Thursday, 28 June 2007

Sandpaper Letters

These have been my pet project the last couple of weeks.
Montessori developed the sandpaper letters to help children develop the muscular impression of the letter as well as to introduce the shape and sound of each letter. They are multi-sensory which is important for children still in a tactile stage of development.
Dr Montessori believed that children should learn to write before reading because it is easier. If a child is asked to write a word, say "cat" he already has a visual image of this word in his head and only needs to take apart the word, letter by letter to reproduce the word. Reading on the other hand, the child needs to clarify the sound of each letter, one by one and then put each letter together, c - a - t then ca then cat. Before he has combined all the letters together he has no idea what the word can be. Obviously as his reading skill increase he will intantly recognise some words but every time he comes acrooss a new word, he has the same problem. Although phonics is an importnat part of the language process, English is not a phonic based language and so children need to be exposed to "sight" words too. Anyway, back to the project in hand..

Firstly, it took me an age to decide how to do it. At first I couldn't find any pre-cut board the right size so I considered using laminated card instead. My 'great' plan was to print out the letters onto the right coloured card (blue for vowels, the rest pink) and then laminate them. I was then going to use glitter glue over the letters to give a textured finish. Luckily, I had the sense to make a test one before embarking on the project, just as well since the glitter fell off after 2 days. Back to square one.
Then I discovered that Tokyu Hands sell pre-cut boards 100mm x 150 mm, perfect.
After scouring web groups like the yahoo based Montessori By Hand and Montessori Makers I came up with a fab idea (well, someone elses suggestion) to use the non stick tread that you use on stairs, she explained that because the glue on the back is super strong it was a great alternative to sandpaper - which I was trying to avoid using, I thought it would be much harder job to actually use sandpaper. So, off to the home centre I went, only to discover that they only do the stair grip stuff in strips. Bummer.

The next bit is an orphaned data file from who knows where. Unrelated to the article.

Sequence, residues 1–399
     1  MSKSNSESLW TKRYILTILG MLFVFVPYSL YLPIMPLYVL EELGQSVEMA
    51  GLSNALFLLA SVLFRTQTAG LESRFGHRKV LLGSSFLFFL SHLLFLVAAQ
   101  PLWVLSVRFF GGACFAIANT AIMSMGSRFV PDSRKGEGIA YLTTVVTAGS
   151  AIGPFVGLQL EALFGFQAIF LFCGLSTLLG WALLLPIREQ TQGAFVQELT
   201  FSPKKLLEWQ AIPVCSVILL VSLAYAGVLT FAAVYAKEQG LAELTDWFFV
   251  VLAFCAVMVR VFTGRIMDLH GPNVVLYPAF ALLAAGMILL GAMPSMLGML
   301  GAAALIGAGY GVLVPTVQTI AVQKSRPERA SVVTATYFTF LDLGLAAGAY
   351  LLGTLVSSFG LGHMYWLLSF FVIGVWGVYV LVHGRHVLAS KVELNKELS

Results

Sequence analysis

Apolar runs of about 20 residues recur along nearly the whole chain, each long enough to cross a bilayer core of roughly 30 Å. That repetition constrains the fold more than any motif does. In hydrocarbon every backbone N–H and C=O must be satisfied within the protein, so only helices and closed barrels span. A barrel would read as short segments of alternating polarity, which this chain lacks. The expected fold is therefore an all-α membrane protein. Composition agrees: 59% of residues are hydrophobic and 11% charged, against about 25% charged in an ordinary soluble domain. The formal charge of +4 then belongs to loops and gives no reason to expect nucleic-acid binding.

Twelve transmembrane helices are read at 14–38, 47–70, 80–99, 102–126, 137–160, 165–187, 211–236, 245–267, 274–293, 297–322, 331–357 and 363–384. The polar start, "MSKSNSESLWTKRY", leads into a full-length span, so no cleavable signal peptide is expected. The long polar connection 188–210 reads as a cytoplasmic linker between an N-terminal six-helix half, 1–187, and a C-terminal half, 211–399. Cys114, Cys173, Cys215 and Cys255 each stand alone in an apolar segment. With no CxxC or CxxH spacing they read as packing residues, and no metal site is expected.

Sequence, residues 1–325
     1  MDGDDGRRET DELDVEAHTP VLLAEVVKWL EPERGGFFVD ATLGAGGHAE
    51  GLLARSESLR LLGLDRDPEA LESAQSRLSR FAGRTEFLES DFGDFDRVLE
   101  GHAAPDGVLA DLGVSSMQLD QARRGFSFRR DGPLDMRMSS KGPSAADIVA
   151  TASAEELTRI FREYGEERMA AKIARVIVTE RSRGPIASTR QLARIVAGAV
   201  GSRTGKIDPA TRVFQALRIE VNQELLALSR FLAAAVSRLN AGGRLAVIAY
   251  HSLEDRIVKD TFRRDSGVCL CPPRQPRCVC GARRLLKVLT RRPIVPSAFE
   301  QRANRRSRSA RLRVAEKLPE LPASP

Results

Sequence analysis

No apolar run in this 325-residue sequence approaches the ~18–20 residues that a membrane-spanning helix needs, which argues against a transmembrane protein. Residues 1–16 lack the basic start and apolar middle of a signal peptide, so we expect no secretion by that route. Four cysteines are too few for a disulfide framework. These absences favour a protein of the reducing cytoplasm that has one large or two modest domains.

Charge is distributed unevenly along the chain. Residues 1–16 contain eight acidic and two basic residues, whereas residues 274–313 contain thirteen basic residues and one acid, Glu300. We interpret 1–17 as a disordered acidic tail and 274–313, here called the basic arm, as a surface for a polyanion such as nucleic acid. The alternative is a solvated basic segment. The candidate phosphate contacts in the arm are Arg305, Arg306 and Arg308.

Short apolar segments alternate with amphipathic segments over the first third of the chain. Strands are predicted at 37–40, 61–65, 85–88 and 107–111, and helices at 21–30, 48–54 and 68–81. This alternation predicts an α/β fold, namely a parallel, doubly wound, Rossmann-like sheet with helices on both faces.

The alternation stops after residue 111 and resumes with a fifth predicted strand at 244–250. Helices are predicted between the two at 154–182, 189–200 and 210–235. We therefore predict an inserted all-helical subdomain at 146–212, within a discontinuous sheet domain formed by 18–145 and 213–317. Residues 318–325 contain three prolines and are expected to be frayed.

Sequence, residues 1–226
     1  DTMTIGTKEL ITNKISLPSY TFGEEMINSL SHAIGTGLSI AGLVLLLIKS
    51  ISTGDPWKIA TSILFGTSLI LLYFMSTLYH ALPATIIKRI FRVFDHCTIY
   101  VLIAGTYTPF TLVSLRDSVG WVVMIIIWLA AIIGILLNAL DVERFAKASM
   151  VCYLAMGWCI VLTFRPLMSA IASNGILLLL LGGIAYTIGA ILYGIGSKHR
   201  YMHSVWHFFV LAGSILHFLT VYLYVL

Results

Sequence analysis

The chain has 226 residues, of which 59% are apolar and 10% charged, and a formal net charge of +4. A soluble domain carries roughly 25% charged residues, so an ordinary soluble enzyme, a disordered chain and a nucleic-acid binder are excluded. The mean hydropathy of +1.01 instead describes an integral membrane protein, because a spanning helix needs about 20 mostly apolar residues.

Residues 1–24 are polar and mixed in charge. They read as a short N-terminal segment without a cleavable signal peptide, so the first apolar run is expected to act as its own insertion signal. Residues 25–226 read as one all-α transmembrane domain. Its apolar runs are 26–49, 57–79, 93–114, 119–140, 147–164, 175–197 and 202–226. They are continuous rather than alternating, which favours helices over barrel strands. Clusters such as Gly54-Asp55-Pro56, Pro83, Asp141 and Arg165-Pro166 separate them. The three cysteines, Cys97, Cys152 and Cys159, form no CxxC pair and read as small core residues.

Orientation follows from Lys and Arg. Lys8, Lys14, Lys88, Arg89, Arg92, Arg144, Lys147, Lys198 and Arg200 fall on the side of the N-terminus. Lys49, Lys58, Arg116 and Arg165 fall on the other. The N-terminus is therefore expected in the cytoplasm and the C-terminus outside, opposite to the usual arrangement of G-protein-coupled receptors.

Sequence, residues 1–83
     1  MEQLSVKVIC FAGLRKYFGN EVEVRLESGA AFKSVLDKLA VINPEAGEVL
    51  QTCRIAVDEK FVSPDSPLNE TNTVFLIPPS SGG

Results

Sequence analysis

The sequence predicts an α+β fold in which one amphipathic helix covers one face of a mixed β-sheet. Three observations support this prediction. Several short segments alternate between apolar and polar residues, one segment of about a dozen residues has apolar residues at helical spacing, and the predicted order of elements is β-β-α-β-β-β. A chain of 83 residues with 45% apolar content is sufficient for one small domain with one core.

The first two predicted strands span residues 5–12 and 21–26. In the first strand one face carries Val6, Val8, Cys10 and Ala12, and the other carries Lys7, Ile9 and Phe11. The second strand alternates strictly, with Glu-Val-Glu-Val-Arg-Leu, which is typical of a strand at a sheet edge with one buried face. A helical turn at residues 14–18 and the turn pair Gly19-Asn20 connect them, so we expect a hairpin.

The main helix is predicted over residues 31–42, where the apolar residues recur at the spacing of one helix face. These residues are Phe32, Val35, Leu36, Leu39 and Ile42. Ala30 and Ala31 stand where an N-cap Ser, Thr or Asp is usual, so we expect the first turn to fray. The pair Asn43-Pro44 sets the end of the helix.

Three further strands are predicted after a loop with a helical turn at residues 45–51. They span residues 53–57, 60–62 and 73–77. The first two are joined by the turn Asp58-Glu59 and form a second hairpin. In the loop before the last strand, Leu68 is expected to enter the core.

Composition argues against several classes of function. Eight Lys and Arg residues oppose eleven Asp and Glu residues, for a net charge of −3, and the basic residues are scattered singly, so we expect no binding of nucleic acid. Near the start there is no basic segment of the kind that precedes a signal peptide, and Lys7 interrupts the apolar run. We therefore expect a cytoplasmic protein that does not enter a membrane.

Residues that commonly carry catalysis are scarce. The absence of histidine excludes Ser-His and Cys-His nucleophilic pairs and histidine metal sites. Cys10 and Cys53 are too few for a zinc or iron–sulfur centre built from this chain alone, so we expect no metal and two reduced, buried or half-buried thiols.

So, I decided I was going to have to go the sandpaper route when I had a bit of brainwave, sticky backed felt. I remembered it being super sticky, so I dug a scrap out and stuck it to laminated card to see how it was and also to a bit of painted wood. Both were fine but then I decided I might as well go the whole hog and use the boards.

The finished letters are FAB, the felt is also raised off the board making it more distinct, I am very chuffed with myself.

To make the sandpaper letters....

1: Buy all the bits you need: 26 boards, pink and blue paint, brushes, sticky backed felt in a light colour, small dot stickers,
stick of glue.
2: Paint the boards (I noticed that a lot of commercial boards put y on a blue board)
3: Print out the letters. I downloaded the Montessori font, for free here. I like this font because it is kind of between standard letters and cursive. Set up your document so that the page is the same size as the board you will be using. You need to make sure
there is enough space either side of the letter for the child to be able to hold the board firmly. You need to flip the text
over so that it is backwards on your screen. Most of the letters I did at a height of 200 but some odd letters, f and j were
too long so I had to make them smaller. I recommend printing out just one first to check it is OK.
4: Print out the letters, cut round them roughly.
5: Use the glue and stick the letters to the back of the sticky felt paper backing, if you have got it right, once the letter is cut
out it should be the right way.
6: Cut out the letters.
7: Stick to the painted boards (once they are dry).
8: Add a small green dot where you start to write the letter and a small red dot at the point where you finish writing the
9: I added a small yellow dot to the bottom left-hand corner of each board so that the child knows which way up the letter
should be.
10: Find a suitable box or basket to store the letters in.

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